But I know that my experience with my retired parents was not unique, I have heard far, far too many similar stories to believe that: those Sunday morning phone calls at the same time every time, followed by the same reports of we played golf, we went to the special at the Red Lobster, we went and walked the mall, milk is so expensive here, etc. etc...............zzzzzzzzzzzzz. I listened out of duty, but certainly not pleasure. And as far as hearing about "news" on my end, I could hear them zzzzzzzzzzzzz-ing out when I talked about what was going on in my life, because they had zero interest or connection with it. Every one of those phone calls was like those "Blast from the Past" radio stations that play the same ancient music over and over again.

You can love your parents, you can respect your parents, you can do your duty, but that doesn't mean that you don't grow apart from parents, or brothers and sisters too for that matter. It is very, very difficult to stay involved with anyone when your life changes and the present relationship with someone is increasingly based on the past. You end up with a relationship based on small talk.

My only relationship that survived growing up was with a maternal aunt, who had lived with us for quite a long stretch. She remained active, involved in life, curious, had new friends, new ideas, new experiences...and even living her last ten years in a nursing home, she was still learning, still experiencing, still having new ideas, new thoughts. Until six months before she died at age 95 she was one of the best and closest friends I ever had - but she had so more more to offer than just touching base with our past relationship.

I am coming to the conclusion that retiring away from one's kids may be one of the lousiest ideas to ever come down the pike.
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Old 11-18-2009, 10:27 AM
 
Location: Central Texas
20,421 posts, read 37,822,098 times
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Absolutely, get on Facebook! And get on Gmail and learn to IM! I have one daughter in Canada, a son in San Antonio, we're in Austin. We "talk" on a daily or every other day basis, I see photos (and share photos with them), we're more in touch than we were when they were living in the same town! Plus, I get to hear about things as they're happening.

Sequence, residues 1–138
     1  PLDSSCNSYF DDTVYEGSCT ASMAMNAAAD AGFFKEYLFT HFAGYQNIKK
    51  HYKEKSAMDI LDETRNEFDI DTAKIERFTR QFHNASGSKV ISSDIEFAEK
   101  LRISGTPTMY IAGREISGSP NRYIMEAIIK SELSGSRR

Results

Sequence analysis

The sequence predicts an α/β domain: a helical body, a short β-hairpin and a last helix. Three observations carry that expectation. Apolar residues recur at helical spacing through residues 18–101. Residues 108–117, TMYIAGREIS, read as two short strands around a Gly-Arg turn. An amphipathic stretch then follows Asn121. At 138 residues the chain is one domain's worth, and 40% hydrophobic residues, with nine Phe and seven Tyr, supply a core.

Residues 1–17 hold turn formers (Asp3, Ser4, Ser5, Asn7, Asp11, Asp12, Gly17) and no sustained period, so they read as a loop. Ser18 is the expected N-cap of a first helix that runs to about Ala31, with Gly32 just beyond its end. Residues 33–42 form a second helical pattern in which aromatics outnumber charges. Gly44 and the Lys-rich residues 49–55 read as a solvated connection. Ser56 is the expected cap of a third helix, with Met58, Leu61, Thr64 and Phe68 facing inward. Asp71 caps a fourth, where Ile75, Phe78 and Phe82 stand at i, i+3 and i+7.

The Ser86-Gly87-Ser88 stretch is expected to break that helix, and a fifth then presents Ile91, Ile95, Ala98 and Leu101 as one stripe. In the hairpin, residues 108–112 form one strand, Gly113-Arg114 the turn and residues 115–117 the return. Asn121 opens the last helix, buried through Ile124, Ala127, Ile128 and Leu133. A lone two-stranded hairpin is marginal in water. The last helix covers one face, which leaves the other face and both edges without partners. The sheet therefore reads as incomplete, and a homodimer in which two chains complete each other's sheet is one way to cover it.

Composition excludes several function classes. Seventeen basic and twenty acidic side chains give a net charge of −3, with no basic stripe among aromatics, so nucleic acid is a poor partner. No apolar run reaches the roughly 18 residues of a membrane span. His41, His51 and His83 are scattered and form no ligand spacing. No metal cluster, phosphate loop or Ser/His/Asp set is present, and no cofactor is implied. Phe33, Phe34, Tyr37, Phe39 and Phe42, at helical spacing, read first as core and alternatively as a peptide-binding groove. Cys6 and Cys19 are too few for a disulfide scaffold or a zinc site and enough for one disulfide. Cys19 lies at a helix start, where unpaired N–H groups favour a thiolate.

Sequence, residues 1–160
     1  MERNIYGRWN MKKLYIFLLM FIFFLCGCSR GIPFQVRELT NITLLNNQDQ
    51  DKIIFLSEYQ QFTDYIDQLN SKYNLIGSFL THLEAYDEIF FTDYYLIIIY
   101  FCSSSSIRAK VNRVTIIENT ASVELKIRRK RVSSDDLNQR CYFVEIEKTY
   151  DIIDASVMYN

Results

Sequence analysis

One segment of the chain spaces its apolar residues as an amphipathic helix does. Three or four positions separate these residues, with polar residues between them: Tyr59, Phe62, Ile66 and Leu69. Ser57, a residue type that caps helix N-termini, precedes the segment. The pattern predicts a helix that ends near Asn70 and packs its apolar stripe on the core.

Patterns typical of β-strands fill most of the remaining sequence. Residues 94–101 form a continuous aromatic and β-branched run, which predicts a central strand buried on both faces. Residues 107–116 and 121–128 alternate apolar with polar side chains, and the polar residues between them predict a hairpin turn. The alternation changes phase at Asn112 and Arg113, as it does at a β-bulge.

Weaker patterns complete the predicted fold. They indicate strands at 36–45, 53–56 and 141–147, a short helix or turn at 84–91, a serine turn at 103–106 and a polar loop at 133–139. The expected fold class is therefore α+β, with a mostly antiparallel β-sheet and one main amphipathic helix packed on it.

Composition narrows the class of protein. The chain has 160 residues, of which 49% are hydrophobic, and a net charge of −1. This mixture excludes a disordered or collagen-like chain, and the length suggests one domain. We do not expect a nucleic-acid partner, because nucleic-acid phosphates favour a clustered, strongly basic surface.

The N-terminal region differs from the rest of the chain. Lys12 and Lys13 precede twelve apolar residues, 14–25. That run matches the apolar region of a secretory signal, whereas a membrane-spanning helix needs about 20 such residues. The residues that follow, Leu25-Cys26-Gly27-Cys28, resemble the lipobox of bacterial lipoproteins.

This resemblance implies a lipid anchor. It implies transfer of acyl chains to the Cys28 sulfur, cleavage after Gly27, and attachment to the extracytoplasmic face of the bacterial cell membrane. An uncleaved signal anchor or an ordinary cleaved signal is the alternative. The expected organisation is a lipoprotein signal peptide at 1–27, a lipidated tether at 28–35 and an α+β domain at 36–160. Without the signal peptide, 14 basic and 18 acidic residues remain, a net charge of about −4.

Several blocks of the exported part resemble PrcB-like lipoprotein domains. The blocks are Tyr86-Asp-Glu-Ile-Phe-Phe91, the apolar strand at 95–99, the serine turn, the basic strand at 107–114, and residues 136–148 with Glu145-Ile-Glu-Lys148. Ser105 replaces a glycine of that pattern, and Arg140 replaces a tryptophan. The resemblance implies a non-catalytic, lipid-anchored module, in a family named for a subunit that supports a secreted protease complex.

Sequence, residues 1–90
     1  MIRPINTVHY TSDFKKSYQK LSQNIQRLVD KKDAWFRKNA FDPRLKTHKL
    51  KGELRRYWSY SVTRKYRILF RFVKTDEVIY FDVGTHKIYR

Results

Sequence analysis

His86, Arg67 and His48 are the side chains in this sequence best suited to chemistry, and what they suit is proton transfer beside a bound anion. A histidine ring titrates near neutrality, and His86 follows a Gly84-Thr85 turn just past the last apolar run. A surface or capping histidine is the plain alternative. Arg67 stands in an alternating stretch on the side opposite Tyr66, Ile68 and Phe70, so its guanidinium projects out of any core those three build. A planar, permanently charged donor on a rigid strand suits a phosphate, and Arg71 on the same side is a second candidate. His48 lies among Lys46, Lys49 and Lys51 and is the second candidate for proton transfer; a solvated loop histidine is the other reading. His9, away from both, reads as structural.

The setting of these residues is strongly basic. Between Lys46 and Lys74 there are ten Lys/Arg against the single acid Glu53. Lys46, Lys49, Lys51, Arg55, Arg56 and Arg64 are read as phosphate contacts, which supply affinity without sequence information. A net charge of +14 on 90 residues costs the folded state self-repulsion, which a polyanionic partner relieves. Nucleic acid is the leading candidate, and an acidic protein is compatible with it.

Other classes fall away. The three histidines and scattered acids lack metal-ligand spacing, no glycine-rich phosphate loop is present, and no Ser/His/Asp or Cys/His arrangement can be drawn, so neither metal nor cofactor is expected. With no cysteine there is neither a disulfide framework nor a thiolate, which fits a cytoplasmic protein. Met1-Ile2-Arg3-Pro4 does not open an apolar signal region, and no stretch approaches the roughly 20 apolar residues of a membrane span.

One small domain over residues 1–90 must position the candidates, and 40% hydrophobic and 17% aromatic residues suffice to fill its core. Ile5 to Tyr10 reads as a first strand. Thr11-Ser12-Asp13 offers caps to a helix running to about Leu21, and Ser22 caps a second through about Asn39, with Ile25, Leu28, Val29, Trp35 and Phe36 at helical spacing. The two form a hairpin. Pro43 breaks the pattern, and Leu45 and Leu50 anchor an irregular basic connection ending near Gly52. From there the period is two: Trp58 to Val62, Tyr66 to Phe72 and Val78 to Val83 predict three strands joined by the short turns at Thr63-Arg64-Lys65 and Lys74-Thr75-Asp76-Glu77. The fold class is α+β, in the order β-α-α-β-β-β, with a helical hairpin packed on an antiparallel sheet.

Do I miss grabbing one of them for a hug? Yep, I do, but I get BIG hugs when we see each other. Do I want to hear their voice? Yes, I do, but we do talk often enough to take care of that for the most part, especially since I hear their real "voice" (what they're thinking about on a daily basis) via Facebook and IMing.

If you really need the face to face and voice, perhaps a set-up where you could talk to them via Skype would work. When my daughter was in the Cayman Islands for a few months, we got to tour their apartment and environs while they talked to us and took a camera hooked to the computer around, all while sitting in Texas!

There's new ways to communicate. For some, just as astounding and intimidating as the telephone no doubt was to an earlier generation. Think of it that way, and jump right in (it really is easier than it would seem when you're new to it). That they have asked that you get a Facebook account is a clear indicator that they want to be in more constant communication. (I got mine after my daughter nagged and nagged me to get one, and now I wonder why on earth it took me so long and why I was resisting!)